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Front Page » May 17, 2005 » Local News » School building's renovation represents costly proposition
Published 3,261 days ago

School building's renovation represents costly proposition


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By RICHARD SHAW
General manager

When the board of education voted to close East Carbon High School a month ago, one of the commitments the members made was to try to preserve the building and move Petersen Elementary into the facility so the community would have use of the gymnasium and other parts of the structure.

However, the school board members apparently had little idea of what the price tag would be to renovate the East Carbon High School building.

But last Wednesday during a regular board of education monthly meeting, the panel members found out how expensive the project would be.

"The problem here is to bring this building into compliance with fire codes and other issues related to making it an elementary facility, it will take a lot of renovation," said school district maintenance director Deon Kone. "We have found as we investigated that, if we change one thing, we will have to do something else that leads to even more renovation in another area."

Kone indicated that the report to the board of education was preliminary and based primarily on his figures.

But the maintenance director said he tried to be as accurate as possible without involving an architect or engineers.

Kone's preliminary cost estimates fell in the range of $1.8 million to bring the school up to code.

"The biggest items had to do with meeting fire code," said the maintenance director. "To make it at all viable, we would either have to put outside doors on every classroom or install a sprinkling system."

"By far the least expensive option is the sprinkling system. But that ends up being expensive, too, because there is so much work that would be associated with it," continued Kone.

A sprinkling system would have to be run down the center of the ceiling in the main hall at the high school, pointed out the building maintenance director. That would mean removing the ceiling, which would destroy the carpet in the hall.

The carpet was installed years ago over vinyl asbestos tile. Replacing the carpet would require taking out the tile.

The maintenance director also said that, on the west end of the high school where the building is two stories tall, an extra stairway would need to be installed to meet regulations as well.

"Another major remodel would include putting in a proper separating wall between the gym and the old pool," stated Kone. "That needs to be done for fire code, but the way it is set up now it that area is used to move air into the building. That problem would need to be solved."

There are a number of additional areas that would need to be upgraded in and around the building, noted the district's maintenance director.

In the kitchen, the exhaust system would have to be upgraded. The kitchen would need a fire suppression system as well.

All of the restrooms in the building would need to be revamped to make the facilities suitable for elementary age school children.

The proposed kindergarten area in the high school's old shop would need to be remodeled and a special playground put in and fenced off for the young students.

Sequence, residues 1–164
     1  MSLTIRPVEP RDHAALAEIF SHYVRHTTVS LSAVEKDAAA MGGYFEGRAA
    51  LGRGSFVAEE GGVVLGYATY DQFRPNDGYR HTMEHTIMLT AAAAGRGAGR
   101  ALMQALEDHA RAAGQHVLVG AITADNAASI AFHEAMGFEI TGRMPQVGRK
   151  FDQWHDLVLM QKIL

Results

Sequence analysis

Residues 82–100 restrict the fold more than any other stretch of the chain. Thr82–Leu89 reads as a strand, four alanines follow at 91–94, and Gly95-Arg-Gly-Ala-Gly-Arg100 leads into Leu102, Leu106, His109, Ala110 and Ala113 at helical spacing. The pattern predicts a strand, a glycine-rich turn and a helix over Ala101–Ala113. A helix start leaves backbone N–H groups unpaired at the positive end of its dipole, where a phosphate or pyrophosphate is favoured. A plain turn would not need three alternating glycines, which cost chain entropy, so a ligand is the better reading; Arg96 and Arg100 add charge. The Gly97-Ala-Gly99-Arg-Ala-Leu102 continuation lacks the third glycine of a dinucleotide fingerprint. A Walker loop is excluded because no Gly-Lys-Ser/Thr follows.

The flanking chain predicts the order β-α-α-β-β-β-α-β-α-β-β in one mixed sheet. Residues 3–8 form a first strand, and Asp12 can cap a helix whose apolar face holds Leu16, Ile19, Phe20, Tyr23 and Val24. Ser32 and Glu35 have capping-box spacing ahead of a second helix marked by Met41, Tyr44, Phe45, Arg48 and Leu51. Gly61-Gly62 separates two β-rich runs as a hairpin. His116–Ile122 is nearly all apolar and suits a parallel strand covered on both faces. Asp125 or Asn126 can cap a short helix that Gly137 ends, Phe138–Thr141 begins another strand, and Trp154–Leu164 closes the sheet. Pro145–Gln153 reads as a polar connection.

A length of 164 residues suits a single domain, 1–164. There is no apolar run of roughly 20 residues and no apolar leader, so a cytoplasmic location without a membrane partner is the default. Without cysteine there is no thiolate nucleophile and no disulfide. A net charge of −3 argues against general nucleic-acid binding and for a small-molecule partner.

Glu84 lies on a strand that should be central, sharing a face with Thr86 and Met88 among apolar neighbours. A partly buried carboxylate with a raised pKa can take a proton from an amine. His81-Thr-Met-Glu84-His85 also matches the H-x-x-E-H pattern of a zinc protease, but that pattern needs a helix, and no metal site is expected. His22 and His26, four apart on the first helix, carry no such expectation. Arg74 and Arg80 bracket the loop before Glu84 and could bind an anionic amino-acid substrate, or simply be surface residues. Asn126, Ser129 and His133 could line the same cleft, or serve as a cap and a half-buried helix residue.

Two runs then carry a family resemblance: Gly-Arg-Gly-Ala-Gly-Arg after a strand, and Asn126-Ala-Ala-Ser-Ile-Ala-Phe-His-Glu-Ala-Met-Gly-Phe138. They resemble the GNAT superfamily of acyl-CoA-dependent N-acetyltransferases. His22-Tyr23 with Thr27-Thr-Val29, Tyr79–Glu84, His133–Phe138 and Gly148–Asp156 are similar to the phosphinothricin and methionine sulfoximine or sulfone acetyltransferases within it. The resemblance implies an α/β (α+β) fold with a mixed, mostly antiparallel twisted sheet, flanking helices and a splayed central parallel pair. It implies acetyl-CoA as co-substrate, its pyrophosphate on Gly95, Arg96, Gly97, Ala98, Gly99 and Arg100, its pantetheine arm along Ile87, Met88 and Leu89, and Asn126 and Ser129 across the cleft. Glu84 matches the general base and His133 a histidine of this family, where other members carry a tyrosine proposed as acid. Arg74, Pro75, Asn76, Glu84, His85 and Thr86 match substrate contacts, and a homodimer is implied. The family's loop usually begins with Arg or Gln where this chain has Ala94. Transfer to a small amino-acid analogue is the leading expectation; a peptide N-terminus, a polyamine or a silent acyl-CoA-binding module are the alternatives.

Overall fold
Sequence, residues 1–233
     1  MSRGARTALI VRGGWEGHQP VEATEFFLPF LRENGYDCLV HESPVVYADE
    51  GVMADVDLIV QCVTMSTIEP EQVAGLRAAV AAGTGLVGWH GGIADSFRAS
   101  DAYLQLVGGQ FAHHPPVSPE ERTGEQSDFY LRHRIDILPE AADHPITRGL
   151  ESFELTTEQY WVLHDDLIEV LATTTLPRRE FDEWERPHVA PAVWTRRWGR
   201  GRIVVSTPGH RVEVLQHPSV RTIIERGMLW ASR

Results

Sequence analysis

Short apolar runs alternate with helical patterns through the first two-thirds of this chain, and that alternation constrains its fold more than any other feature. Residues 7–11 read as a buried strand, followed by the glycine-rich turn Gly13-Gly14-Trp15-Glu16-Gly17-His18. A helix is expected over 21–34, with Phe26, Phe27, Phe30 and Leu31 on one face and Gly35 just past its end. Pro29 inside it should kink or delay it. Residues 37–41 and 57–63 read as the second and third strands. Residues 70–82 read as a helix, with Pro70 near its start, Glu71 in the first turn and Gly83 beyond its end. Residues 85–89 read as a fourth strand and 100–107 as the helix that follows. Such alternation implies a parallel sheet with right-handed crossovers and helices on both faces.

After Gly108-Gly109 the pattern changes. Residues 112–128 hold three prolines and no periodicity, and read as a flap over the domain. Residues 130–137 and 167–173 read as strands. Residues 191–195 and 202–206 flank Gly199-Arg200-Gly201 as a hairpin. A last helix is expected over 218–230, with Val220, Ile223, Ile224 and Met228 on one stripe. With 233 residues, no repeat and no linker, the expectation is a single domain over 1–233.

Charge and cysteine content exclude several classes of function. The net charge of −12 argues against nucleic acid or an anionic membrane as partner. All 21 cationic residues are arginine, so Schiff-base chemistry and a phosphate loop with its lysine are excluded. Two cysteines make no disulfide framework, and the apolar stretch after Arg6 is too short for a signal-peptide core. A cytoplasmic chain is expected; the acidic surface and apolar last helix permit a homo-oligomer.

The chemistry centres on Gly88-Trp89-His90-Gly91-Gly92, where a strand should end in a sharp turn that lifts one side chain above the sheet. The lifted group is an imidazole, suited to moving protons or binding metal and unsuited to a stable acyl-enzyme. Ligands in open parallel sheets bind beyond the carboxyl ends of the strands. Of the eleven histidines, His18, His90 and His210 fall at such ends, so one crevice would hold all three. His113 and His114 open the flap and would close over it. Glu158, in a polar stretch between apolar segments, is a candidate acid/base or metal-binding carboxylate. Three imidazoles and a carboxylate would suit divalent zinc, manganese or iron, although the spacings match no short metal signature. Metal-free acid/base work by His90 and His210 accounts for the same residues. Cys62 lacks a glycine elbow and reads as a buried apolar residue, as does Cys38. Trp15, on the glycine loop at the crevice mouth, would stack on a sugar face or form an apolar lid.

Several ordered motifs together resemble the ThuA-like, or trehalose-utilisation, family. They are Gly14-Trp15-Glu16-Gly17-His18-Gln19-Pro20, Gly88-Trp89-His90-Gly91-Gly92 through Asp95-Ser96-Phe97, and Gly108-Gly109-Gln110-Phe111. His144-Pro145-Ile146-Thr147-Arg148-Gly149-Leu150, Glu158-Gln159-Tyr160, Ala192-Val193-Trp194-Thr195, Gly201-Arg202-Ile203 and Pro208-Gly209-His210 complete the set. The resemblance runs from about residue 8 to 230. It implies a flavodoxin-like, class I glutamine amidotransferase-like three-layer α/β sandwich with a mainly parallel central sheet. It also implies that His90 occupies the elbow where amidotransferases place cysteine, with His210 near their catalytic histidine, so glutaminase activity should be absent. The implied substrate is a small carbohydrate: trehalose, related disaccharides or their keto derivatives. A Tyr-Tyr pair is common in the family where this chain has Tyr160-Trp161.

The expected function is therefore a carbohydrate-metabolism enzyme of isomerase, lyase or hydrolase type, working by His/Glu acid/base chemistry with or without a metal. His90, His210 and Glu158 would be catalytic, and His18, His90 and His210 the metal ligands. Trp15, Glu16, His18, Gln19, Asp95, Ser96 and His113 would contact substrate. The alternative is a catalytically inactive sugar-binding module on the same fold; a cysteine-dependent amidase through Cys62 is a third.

In addition, the parking and bus turn around does not meet elementary school code so it would need to be changed as well.

After Kone's presentation board member Barry Deeter looked at the cost Kone had placed on the spread sheet before him and asked what a brand new elementary school would cost to build.

"Right now I would estimate about 4.4 million," said Kone. "However, recently I have seen some other buildings bid and the actual bids have been lower than the estimated costs. We possibly could be lower than that."

The question also arose about the age of the building and if with all the work the district would have basically a new building or just an old one, with some stuff done to it.

"We would still just have an old building," said Superintendent David Armstrong. "It would be renovated, but it the school is only five years newer than the present Petersen Elementary,"

As the board discussed the situation they decided that it would be prudent to hire an architect to look at the building and decide on a more accurate cost analysis.

"The fact is that unless we just shut the building down, we will have to hire an architect," said Kone. "There is nothing we can do in the building without one."

The board then agreed that one should be hired and it was decided that request for proposals will be sent out and advertised for.

In another matter relating to the closing of the school, board member Jim Leonard said that he is very satisfied with the effort district personnel are making toward absorbing the kids from the school into Carbon High and Mont Harmon Junior High. He was particularly pleased with a special meeting that was held with the parents and students the night before.

"I think people from our community enjoyed the meetings," said Leonard who hails from the east county area. "There was some hesitation at first by some, but the schools staff have made a huge effort in trying make these students feel comfortable. It has actually turned into a very positive thing. Hopefully the parents will support their kids."



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